Rather than our religion being imported the evidence suggests its origins may lie with the first people to repopulate Britain after the Ice Age and their networks of interactions with nearby peoples via the Atlantic and North Sea seaways and with settlers who arrived in two main movements.

Firstly people carrying the Linearbandkeramik and Impressed Ware cultures from eastern Europe and the Mediterranean brought ‘the Neolithic package’ – ‘a fully developed food-producing strategy based on the cultivation of barley and emmer wheat and the husbanding of domestic cattle, pigs, and sheep’. This spread amongst the indigenous people between 4200 – 3800. The excess time and energy created by farming led to the communal monument building traditions of long barrows, passage graves, cursus monuments, causewayed camps and later henge monuments and stone circles.

Secondly the influx of ‘Beaker people’ originating from the Tagus Valley in Iberia in 2500 BC brought metallurgy and the tradition of single burials with the famous bell beaker.

Cunliffe argues that the Celtic language developed as a Lingua Franca spoken in the Tagus Valley in Iberia between 4500 and 3000 BC and developed along the Atlantic seaways. Celtic was spoken in Britain and Ireland by 2000 BC and this was when the split appeared between the Goidelic and Brythonic languages.

It would have been at this time that the gods who were honoured in natural places such as rivers, lakes, springs, and groves, and at man-made monuments became known by Brythonic names.

Cunliffe suggests that, as the Celtic language developed in the West, so did the religious system. He says: ‘It may even be that Caesar was correct and that it had originated in Britain. At any event, the practice that became recognised as druidism in the last century of the first millennium BC had its roots deep in prehistory.’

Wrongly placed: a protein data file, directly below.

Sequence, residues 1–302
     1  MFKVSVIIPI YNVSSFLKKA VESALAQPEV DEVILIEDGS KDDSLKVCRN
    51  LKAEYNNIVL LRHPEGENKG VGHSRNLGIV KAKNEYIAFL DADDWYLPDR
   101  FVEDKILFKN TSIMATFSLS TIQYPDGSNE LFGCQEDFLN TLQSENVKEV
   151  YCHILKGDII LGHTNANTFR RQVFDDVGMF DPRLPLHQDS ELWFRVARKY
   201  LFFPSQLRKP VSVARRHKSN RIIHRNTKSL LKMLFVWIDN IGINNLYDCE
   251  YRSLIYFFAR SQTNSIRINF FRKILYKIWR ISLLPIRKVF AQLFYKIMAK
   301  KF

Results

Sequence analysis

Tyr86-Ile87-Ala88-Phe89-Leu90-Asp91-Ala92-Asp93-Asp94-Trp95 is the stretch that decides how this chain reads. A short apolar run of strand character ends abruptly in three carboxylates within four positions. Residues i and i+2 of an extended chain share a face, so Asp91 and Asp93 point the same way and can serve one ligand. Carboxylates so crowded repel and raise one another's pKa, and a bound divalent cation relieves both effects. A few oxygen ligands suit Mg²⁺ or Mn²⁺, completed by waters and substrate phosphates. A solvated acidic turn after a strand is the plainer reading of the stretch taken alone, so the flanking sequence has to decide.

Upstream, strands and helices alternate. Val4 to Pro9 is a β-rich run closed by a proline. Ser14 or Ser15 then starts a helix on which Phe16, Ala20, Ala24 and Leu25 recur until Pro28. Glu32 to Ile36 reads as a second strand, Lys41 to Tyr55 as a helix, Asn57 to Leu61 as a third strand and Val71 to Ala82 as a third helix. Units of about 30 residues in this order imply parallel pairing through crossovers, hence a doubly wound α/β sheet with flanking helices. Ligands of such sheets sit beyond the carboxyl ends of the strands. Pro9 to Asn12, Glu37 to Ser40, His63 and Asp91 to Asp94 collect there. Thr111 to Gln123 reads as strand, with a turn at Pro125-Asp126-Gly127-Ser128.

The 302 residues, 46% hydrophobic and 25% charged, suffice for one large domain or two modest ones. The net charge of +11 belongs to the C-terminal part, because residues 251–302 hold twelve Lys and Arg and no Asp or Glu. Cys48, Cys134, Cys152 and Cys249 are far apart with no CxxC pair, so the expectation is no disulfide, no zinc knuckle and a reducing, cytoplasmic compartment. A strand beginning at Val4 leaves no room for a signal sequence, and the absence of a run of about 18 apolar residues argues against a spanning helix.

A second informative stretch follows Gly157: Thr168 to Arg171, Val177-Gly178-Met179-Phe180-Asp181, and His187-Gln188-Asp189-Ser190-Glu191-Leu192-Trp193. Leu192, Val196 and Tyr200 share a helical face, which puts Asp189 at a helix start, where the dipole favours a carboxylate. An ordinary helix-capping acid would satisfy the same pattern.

Cunliffe’s argument fits with my gnosis that the veneration of the gods who I worship may have originated with the first people to colonise Britain and that they became known by Brythonic names as the language developed. Rather than, for example, Bel being imported by the Belgic peoples he may long have been a presence in Britain whose veneration spread to a continental tribe who made him their patron.

I have long felt that Vindos/Gwyn has been venerated here since at least the Ice Age as a hunter god who led the people back to Britain following the reindeer and wild horses with his wolves and ravens. Also that Rigantona/Rhiannon may have been a leader of these horse followers. Both have felt like very old and primal presences within the land and live on to today as Fairy King and Queen.

Cunliffe’s debunking of the myth of Celtic invasions has not only freed me from a flawed misconception but confirmed that it is legitimate to enquire into the origins of my deities in Britain’s deeper past.